Decrease in cervical cancer rates may be linked to HPV screening, vaccination
A decrease in cervical cancer rates in the United States, most notably among younger women, may be associated with HPV vaccination approval, according to a retrospective, cross-sectional study published in JAMA Network Open.
Researchers added that an increase in oropharyngeal and anal/rectal cancers, particularly among men, highlights a need for vaccination uptake among both men and women.
“Approximately 45,000 HPV-associated cancers are diagnosed annually in the U.S. and most of these cancers could have been prevented. The HPV vaccine was approved by the U.S. Food and Drug Administration in 2006 for women and in 2009 for men, providing protection against 90% of cervical cancer-causing strains of HPV,” John K. Chan, MD, Denise & Prentis Cobb Hale endowed chair at California Pacific Medical Center and principal investigator lead of the Sutter Cancer Research Consortium, told Healio. “Since some of these cancers can be prevented with vaccination and/or screening, it is important to incorporate both of these interventions in our study.”
The analysis included 657,317 HPV-associated cancers (oropharyngeal squamous cell carcinoma [SCC], 40%; anal/rectal SCC, 14.5%; vulvar SCC, 9.1%; vaginal SCC, 2%; cervical carcinoma, 31.4%; and penile SCC, 3%) identified from the U.S. Cancer Statistics Public Use Database between 2001 and 2017. Most of the cancers (59.8%) occurred among women, and 76.1% of all patients were white. More than half of women (52.4%) had cervical cancer and most men (80.1%) had oropharyngeal cancer.
Researchers collected HPV vaccination and screening data from the Behavioral Risk Factor Surveillance between 2001 and 2016 and TeenVaxView between 2008 and 2018. They then evaluated the trends in HPV-associated cancer incidence by age, race and ethnicity, as well as tumor stage, for potential associations between screening and vaccination with incidence of HPV-associated cancers.
Among female adolescents aged 13 to 17 years, the vaccination rate increased from 37.2% in 2008 to 69.9% in 2018 (annual percent change, 6.57%; 95% CI, 5.83-7.32).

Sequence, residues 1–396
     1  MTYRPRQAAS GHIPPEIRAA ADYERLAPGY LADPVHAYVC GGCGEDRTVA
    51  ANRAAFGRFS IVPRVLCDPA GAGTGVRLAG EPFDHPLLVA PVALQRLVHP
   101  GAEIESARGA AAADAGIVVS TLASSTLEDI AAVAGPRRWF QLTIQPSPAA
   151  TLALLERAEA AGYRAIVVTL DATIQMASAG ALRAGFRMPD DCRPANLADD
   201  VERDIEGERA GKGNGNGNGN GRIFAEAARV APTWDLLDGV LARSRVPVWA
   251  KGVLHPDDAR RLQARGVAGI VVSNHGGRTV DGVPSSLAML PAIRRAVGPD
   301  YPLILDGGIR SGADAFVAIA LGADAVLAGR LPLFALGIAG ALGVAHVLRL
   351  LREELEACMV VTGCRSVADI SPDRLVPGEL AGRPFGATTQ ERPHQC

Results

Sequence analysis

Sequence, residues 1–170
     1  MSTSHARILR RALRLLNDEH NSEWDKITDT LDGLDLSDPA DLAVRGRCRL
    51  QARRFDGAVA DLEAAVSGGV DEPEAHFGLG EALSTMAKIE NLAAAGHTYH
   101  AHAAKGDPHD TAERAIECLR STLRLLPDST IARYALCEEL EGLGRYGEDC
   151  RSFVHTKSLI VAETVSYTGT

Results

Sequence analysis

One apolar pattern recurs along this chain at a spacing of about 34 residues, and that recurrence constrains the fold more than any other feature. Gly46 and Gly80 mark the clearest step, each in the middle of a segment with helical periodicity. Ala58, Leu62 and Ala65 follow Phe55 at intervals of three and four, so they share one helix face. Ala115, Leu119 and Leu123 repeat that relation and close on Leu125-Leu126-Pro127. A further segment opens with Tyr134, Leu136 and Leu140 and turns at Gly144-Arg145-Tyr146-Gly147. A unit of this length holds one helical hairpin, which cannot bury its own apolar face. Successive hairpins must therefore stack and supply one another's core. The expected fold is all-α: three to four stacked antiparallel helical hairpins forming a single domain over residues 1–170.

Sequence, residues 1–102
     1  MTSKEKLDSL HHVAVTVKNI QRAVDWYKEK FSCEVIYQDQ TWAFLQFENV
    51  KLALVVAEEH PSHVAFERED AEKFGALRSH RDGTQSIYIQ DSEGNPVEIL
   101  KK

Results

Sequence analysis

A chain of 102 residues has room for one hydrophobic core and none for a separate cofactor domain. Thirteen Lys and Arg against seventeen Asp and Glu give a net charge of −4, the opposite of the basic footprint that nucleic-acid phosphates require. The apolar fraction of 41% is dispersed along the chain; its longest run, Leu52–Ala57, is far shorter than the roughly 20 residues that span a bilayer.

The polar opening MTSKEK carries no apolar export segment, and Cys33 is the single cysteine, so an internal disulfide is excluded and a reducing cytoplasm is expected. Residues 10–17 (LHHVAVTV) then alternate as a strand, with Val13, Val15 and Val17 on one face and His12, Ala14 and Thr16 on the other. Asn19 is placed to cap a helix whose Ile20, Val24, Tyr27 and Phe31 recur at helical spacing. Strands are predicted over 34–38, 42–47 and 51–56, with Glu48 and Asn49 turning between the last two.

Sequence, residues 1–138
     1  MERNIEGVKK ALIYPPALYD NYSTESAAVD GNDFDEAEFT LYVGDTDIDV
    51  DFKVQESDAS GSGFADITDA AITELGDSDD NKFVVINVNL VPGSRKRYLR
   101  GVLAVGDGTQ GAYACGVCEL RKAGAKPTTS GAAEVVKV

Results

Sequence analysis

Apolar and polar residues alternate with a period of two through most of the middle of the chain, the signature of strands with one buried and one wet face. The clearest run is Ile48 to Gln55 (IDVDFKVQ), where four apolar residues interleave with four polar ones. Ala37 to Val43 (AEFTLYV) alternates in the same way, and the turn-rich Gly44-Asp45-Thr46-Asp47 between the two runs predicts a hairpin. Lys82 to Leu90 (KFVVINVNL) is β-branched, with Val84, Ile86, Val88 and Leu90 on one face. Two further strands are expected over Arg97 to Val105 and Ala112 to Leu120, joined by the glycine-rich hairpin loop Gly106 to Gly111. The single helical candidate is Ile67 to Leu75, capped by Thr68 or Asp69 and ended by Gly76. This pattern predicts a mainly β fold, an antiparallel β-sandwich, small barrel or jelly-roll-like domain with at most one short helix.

The researchers also reported that cervical cancer rates decreased 2.29% per year (P = .045) among women aged 20 to 24 years before vaccine approval and 9.5% per year (P = .003) after approval.
Among men, researchers observed annual increases in oropharyngeal (2.71%) and anal/rectal (1.83%) cancers. Among women, incidence of oropharyngeal had remained stable but anal/rectal cancer incidence increased 2.83% annually. The older median age of onset of anal/rectal cancer vs. cervical cancer (62 years vs. 49 years) may partly account for the continued increase in incidence of anal/rectal cancer and apparent lack of potential benefit of vaccination.
“Although the HPV vaccine has been approved for more than 15 years in women, uptake has been slower than other recommended childhood vaccinations,” Chan told Healio. “We did not expect to show that more than 80% of new diagnoses of oropharyngeal cancer occurred in men, with increasing rates.”
Chan said further work is necessary to increase rates of vaccination among both sexes, in addition to efforts to eliminate racial and ethnic disparities in screening in the U.S.
“These findings on the increasing incidence of anal/rectal cancer highlight the importance of HPV vaccination, as well as the need to develop more effective screening strategies to prevent anal/rectal cancer, particularly in high-risk populations,” Chan said. “We would like to encourage better access to population-based studies with data sharing and develop a national registry of screening and vaccination to prevent cancers.”
For more information:
John K. Chan, MD, can be reached at California Pacific/Palo Alto Medical Foundation/Sutter Research Institute, 1100 Van Ness Ave., 4th Floor, San Francisco, CA 94109; email: email@example.com.